That's all on this list of 20 most frequently asked Java interview questions and answers. By the way, this is not just the only list you got here, I have shared a lot of interview questions on the topic wise like you can find frequently asked questions from Thread, Collections, Strings, and other important Java classes. 

Apart from coding questions, these fact-based Java programming language questions are very important to do well in an interview. It's even more important for freshers and less experienced developers because they are usually asked these questions more frequently than experienced developers. By the way, you are most welcome to contribute to this list.



Related Interview Questions from Java67 blog

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All the best Guys

15 comments:

  1. Can you please share a list of frequently asked Java programs on Interviews as well?

    ReplyDelete
    Replies
    1. Interesting question, some of the frquently asked programs on Java interviews are :
      - reverse string without using stringbuffer
      - writing code to avoid deadlock
      - four ways to loop over map
      - multi-threaded version of getInstance() method of Singleton class
      - count number of 1 in an integer number
      - converting string to bytes

      etc.

      Delete
  2. Great article. In #5, the Singleton example - you may want to show the private constructor method for the SingletonClass. As written, you could create multiple instances of the SingletonClass, each with their own DCL object.

    ReplyDelete
    Replies
    1. Another way which a thread safe Singleton can be created is using Enum.

      Delete
  3. Couple of core Java questions which have seen more frequently on interviews are :

    - can two unequal object has same hashcode?
    - can we create instance of abstrat class?
    - how do you make an object immutable?
    - difference on comparing String over == and equals?
    - difference between comparator and comparable?

    I like to contribute because I have benefitted a lot from your side :) Thank you very much for your time and effort.

    ReplyDelete
  4. I love Java interviews, most of the time you will see these repeated, frequently asked question, which even a kid can answer. If you are an experienced Java developer, having worked for more than 4 years in industry, you don't need to worry about FREQUENTLY asked, MOST asked, TOP 20, you already know answers, better spend you time learning DataStructure, Algorithm, Programming or Design.

    ReplyDelete
  5. If you are a Java Developer of just couple of month of experience but has a computer science degree, I would say to prepare well for DS and Algo, you can check some sample Data structure questions here, once you are good at that, just prepare some basic Java questions for telephonic round. Once you are done that you are ready, but if you want more confidence, you should check this Mega list of Java questions, which contains core Java questions including multi-threading, exception handling, collections, GC, design pattern and OOP questions from last 5 years of Java interviews. This will help you to clear any Java job interview, at least for small companies.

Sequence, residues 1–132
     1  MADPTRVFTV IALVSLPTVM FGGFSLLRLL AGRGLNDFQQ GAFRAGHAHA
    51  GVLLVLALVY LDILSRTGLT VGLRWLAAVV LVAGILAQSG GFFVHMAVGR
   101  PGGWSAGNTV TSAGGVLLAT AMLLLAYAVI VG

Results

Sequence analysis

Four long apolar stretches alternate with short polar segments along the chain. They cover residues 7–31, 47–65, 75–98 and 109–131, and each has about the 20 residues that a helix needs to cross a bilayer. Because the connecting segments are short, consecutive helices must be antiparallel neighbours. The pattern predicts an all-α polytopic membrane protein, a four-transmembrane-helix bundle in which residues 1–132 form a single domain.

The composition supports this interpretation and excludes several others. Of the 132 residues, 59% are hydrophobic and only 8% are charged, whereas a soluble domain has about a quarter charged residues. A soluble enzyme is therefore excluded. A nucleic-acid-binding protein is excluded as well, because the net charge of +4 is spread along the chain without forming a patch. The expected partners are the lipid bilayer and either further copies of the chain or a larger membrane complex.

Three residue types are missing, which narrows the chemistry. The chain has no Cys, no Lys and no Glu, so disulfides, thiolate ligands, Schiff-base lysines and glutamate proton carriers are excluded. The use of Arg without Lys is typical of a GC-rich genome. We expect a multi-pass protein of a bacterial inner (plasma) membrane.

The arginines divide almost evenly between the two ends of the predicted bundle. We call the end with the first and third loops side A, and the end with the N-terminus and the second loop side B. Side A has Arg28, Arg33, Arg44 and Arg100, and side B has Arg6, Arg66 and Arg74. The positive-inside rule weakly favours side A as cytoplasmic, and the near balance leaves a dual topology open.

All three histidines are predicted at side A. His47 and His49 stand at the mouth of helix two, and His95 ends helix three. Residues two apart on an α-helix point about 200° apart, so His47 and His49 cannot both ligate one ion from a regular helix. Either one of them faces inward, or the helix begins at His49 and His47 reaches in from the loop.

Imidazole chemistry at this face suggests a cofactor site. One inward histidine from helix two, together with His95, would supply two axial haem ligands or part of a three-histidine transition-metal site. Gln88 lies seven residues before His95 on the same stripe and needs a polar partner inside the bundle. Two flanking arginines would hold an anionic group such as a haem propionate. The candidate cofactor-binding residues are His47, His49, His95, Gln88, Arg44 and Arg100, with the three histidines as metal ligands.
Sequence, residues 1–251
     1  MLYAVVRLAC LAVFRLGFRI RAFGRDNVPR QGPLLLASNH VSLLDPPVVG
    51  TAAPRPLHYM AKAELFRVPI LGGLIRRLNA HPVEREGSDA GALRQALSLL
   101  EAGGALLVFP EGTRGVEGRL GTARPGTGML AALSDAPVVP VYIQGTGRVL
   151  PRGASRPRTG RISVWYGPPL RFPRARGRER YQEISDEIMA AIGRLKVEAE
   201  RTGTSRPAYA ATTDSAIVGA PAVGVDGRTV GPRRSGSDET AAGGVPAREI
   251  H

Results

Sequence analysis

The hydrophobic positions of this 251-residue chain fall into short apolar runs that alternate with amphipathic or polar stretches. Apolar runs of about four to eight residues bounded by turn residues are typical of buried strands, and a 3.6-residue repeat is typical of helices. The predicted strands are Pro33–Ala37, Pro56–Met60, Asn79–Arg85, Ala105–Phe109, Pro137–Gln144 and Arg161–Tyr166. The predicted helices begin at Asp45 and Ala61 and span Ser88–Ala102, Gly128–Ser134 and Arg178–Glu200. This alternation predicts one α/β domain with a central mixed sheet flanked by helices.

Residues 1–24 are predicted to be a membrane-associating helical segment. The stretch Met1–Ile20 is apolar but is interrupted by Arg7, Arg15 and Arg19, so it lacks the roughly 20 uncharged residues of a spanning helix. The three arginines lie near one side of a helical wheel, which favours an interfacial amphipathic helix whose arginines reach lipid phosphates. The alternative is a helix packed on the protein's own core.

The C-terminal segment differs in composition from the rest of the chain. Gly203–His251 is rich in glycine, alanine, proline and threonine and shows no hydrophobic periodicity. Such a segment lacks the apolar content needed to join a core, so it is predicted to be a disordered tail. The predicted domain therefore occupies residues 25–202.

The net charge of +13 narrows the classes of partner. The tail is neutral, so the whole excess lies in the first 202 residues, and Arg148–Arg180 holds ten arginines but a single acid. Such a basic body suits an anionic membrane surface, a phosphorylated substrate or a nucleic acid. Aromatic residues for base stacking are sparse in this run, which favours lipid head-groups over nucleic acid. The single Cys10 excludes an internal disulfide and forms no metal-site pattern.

ReplyDelete
  6. Can you please share some Java interview questions from Citiback, RBS and Morgan Stanley India Mumbai for Java developers with 5+ years experience?

    ReplyDelete
  7. What is difference between class and function?

    ReplyDelete
    Replies
    1. class is an object oriented construct which is blue print to create object, which can have both state and behavior, while function is just a block of code which is named for reuse.

      Delete
  8. At 12...6+ JVMs are smart enough to detect there's no contention on certain locks and they may apply lock elision. In single threaded applications you may actually get no locking at all on a Hashtable

    ReplyDelete
  9. For more interview questions based on different levels of experience, visit site http://myjavainterview.com/introduction/

    ReplyDelete
  10. Now, we usually ask like these.

    What is theJMM?

    what is the Java deadlock

    Difference between ReentrantLock and synchronized?

    Do you know synchronized.cpp? What is the lock's upgrade and downgrade?

    What is the AQS?

    Do you know fork/join and copy-on-write?

    Can you explain ThreadPoolExecutor's params?

    Spring Bean lifecycle.

    Difference between CGLib and JDK Proxy.

    ReplyDelete
  11. Good questions, would be glad you can provide the answers as well for people reading comments, I always do :-) Even I don't know answers of some of these questions like synchronized.cpp , never heard of it? Same with AQS, unless I am missing something.

    ReplyDelete

Feel free to comment, ask questions if you have any doubt.